15 Mineral Additions & Chloride Ingress DurabilityDurability can be different things to different people such as:Not having to repair a structure for 20 years or more,Able to cope with changes in use,Able to cope with changes in loading,Able to resist chemical attack e.g. acids, alkali-silica reaction,Able to prevent chloride ingress to prevent corrosion of reinforcement,Having a classical façade that does not seem to age with changes in architectural fashions.
16 Mineral Additions & Chloride Ingress Description of ingress mechanismsDiffusion – transfer free ions in the pore solution from high concentration to low concentration regions.Capillary absorption – when moisture encounters the dry surface of the concrete, it will be drawn into the pores by capillary suction, this often happens with wetting and drying cycles.Evaporative transport (also called wicking) – similar to absorption but where moisture, containing ions, is drawn from the wet surface through the matrix to the dry surface.Hydrostatic pressure or permeation – where the hydraulic pressure on one side of the concrete forces the liquid, containing ions, into the concrete matrix.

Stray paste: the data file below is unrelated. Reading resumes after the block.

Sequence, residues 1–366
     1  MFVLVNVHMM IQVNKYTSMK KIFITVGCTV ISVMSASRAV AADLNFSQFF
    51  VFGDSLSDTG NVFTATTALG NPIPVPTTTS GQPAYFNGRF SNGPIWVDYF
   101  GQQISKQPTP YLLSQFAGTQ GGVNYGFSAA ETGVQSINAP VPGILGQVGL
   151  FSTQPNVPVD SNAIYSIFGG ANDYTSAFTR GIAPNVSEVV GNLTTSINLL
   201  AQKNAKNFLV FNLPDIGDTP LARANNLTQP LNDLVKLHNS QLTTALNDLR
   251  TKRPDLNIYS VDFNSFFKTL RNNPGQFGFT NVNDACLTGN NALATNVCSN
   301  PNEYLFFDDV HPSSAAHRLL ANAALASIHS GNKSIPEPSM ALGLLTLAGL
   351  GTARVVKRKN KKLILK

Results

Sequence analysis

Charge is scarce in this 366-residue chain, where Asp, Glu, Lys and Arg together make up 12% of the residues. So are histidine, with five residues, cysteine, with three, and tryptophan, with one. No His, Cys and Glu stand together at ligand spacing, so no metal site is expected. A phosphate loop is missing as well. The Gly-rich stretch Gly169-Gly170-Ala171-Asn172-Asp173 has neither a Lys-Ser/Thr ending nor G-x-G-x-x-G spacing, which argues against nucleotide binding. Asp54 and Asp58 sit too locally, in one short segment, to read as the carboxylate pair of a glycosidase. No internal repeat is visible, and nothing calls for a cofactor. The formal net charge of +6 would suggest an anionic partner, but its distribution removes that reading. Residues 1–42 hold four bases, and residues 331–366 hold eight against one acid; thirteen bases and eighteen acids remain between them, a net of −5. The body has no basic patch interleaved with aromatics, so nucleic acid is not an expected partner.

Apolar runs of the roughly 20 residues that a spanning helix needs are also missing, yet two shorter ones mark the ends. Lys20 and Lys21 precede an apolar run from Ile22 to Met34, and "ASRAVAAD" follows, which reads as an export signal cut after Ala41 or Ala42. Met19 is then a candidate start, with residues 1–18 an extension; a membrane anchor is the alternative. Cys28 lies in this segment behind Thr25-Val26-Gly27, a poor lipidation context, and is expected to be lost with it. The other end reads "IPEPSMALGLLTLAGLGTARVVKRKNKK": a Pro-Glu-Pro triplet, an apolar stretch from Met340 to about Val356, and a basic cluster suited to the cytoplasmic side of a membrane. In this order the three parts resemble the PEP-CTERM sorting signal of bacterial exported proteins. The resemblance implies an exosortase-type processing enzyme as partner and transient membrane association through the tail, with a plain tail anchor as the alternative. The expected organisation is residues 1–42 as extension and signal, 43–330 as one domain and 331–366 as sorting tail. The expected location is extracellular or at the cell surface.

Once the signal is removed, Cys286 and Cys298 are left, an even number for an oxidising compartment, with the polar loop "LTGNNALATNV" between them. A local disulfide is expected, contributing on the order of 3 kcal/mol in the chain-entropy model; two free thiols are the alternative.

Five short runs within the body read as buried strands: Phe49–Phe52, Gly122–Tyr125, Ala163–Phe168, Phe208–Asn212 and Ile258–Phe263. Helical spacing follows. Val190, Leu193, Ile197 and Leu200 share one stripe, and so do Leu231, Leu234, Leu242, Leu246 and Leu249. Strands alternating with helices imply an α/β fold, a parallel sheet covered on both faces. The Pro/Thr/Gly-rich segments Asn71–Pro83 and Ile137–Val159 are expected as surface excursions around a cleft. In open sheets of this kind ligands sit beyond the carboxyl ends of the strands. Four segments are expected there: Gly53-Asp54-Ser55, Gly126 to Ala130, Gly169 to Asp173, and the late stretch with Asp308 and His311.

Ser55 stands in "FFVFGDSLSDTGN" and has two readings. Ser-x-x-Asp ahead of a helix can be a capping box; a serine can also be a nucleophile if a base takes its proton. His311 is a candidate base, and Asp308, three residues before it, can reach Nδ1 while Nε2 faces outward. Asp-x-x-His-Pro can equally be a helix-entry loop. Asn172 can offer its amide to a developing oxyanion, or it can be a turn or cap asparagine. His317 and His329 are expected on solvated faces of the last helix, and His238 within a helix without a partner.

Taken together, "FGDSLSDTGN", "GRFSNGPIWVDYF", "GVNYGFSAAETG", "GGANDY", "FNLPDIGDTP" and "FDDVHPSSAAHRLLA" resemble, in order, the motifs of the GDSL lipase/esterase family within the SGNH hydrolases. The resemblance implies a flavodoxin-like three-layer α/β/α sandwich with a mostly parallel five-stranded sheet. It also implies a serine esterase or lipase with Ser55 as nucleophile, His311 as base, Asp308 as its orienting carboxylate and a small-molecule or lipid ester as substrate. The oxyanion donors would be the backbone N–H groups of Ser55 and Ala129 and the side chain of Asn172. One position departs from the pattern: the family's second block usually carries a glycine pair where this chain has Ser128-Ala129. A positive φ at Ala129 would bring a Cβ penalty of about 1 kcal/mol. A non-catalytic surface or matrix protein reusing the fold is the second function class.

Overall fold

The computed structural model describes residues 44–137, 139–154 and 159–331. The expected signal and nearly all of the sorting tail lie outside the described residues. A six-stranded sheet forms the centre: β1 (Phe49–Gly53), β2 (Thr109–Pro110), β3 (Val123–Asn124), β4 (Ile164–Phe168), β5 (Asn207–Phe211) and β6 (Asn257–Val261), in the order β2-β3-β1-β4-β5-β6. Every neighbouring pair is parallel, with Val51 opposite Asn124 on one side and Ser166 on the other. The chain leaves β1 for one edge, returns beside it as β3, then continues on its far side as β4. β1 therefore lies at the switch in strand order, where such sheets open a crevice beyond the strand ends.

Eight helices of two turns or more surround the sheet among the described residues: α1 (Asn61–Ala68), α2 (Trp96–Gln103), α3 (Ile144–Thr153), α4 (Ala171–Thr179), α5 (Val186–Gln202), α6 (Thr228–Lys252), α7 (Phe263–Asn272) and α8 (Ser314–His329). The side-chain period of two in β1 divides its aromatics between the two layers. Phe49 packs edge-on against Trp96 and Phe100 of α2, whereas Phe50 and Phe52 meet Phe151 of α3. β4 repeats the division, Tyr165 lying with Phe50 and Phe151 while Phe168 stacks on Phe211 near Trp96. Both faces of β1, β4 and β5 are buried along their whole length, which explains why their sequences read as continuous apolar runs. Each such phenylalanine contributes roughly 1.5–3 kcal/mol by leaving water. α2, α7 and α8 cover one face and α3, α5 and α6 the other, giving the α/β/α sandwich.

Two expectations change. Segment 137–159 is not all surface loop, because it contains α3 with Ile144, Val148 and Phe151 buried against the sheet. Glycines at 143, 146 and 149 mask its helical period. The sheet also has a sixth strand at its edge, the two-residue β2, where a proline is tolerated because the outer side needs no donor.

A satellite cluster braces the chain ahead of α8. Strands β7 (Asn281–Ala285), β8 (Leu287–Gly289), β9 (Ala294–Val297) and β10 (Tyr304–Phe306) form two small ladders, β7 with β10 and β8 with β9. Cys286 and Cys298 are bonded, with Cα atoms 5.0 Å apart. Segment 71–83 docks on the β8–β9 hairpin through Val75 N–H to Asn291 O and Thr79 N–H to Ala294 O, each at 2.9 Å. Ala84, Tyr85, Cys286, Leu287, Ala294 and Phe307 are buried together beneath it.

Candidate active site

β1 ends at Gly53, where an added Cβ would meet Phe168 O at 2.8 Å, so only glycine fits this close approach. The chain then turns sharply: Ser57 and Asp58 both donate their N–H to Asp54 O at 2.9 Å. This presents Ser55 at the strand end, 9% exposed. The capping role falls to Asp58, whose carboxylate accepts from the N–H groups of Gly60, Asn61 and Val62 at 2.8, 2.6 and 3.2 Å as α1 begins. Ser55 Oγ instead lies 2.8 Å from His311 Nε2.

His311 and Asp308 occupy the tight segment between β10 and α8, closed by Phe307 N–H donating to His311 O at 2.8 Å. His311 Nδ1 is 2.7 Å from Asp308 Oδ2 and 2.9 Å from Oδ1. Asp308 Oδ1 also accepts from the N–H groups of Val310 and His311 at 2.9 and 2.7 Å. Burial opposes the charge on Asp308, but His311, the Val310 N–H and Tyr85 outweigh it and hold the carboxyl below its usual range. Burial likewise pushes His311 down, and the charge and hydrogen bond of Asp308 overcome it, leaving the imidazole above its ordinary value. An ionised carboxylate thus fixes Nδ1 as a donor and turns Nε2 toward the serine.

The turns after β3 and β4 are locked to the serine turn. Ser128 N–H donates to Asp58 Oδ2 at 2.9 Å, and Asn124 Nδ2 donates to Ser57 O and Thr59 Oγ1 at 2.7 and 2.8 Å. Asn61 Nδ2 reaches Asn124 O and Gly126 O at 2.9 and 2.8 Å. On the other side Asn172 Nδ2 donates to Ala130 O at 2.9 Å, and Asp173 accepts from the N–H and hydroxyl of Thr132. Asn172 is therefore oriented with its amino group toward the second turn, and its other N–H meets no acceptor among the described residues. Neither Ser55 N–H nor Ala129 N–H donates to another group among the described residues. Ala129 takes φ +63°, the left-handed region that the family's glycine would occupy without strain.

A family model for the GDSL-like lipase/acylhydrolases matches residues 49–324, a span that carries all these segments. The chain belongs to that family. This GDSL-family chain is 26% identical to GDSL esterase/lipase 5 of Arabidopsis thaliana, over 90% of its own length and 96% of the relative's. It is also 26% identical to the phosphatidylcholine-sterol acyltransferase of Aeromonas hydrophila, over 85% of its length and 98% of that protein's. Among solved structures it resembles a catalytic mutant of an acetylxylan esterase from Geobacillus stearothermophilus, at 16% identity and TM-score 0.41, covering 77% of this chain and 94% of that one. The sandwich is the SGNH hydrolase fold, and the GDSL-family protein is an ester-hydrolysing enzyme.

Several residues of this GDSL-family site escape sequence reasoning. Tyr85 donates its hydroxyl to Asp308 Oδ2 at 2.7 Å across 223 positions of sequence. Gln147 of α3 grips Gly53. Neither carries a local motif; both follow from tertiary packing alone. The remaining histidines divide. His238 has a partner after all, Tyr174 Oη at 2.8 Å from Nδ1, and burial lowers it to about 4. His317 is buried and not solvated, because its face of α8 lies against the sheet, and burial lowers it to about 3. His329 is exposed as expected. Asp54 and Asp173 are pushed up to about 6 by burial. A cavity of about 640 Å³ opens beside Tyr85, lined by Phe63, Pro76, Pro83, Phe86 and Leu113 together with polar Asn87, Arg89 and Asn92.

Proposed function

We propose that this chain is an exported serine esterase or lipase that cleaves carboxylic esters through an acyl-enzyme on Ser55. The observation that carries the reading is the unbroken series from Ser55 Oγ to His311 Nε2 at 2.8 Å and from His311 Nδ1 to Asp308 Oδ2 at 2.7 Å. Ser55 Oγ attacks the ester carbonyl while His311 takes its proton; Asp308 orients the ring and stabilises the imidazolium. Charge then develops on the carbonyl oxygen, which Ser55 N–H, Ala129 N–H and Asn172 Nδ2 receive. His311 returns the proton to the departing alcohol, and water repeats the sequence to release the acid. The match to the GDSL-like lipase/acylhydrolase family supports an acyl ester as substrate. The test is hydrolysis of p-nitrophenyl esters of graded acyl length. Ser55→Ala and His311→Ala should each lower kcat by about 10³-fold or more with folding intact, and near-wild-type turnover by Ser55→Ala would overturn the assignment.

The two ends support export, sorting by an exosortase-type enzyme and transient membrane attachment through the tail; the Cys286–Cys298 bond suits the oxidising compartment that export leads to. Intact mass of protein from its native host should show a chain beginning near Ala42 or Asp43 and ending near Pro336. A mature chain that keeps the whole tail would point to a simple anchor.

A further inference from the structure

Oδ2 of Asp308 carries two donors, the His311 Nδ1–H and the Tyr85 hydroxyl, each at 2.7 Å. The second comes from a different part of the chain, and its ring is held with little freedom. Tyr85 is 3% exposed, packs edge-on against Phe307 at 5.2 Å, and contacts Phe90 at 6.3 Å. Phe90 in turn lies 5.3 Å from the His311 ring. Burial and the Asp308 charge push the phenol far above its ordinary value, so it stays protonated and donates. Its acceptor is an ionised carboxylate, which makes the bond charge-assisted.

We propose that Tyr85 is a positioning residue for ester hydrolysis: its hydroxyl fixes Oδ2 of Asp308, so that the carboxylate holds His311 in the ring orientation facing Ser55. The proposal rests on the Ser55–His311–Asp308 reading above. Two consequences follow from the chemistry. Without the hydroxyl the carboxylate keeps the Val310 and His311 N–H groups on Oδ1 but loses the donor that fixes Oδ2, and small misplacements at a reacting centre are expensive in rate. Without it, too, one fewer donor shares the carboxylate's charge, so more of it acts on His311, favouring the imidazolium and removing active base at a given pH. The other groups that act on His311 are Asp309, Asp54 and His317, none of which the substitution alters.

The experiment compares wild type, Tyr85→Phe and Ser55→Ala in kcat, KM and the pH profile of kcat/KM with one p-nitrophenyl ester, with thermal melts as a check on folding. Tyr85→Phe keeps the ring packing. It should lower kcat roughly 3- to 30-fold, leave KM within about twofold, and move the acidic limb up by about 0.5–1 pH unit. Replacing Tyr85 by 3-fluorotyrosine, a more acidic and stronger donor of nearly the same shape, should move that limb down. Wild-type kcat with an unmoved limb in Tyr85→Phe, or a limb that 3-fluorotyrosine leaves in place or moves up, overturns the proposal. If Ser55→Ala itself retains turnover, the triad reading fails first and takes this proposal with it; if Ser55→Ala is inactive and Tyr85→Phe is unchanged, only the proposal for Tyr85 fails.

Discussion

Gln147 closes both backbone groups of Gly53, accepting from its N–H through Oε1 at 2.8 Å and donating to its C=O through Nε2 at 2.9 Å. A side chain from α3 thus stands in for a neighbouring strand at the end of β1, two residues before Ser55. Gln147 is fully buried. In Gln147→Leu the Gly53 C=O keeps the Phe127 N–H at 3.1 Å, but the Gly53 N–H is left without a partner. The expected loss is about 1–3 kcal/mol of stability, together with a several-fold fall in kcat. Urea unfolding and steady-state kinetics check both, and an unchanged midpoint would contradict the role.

17 Mineral Additions & Chloride Ingress Mechanism of chloride transport (CCAA 2009)
18 Mineral Additions & Chloride Ingress Findings reported in international literatureEffect of limestone additions on the “chloride permeability’ of concrete (Tsivilis et al. 2000)